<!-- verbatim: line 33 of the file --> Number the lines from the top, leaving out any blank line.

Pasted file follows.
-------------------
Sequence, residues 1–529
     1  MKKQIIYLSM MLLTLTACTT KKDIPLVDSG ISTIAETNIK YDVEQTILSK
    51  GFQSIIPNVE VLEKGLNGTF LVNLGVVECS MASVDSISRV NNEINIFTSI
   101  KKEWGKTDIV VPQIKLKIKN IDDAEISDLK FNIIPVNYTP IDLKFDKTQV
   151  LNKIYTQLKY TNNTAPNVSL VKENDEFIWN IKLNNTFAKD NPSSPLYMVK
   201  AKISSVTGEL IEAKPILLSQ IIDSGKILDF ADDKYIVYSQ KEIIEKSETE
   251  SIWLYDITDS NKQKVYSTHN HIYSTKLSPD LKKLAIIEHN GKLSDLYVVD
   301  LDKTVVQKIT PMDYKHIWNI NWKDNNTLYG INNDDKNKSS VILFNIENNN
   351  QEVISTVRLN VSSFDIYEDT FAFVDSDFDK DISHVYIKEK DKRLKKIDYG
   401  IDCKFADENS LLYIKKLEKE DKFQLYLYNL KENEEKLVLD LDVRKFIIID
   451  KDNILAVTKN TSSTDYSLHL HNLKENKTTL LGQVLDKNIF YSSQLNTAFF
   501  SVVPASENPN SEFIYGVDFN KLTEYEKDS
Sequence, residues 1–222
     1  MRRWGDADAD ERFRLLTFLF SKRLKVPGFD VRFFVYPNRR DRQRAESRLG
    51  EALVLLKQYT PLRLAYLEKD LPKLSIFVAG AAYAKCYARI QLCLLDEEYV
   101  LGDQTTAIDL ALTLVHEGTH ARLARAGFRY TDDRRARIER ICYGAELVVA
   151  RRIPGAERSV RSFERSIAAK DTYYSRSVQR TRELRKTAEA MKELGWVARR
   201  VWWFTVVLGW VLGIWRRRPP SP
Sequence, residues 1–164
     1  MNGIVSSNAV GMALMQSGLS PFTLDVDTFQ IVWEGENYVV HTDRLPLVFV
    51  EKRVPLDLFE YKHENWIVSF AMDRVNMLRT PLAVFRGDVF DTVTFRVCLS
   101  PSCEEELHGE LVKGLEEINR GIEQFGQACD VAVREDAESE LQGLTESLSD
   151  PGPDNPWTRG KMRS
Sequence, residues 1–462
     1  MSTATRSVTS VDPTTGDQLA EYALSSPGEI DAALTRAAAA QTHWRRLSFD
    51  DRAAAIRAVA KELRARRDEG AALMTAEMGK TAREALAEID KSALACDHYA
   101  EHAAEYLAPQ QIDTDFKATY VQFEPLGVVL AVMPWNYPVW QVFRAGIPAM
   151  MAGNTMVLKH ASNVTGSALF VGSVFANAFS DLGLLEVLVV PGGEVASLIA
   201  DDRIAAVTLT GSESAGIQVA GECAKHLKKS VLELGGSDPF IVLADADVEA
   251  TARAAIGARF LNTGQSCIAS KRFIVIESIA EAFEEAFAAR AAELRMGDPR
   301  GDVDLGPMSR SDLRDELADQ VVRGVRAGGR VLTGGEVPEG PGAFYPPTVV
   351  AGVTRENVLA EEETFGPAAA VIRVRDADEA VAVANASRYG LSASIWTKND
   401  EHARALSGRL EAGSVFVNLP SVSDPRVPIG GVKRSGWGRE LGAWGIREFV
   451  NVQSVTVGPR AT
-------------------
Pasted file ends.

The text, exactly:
   401  EHARALSGRL EAGSVFVNLP SVSDPRVPIG GVKRSGWGRE LGAWGIREFV